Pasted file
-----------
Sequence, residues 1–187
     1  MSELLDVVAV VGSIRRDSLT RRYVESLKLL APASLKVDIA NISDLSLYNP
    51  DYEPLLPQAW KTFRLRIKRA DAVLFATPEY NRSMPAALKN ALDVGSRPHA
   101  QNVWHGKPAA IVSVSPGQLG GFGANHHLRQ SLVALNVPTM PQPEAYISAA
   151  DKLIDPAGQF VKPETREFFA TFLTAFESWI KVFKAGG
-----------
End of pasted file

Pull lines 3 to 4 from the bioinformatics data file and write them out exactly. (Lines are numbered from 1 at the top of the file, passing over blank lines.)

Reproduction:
    51  DYEPLLPQAW KTFRLRIKRA DAVLFATPEY NRSMPAALKN ALDVGSRPHA
   101  QNVWHGKPAA IVSVSPGQLG GFGANHHLRQ SLVALNVPTM PQPEAYISAA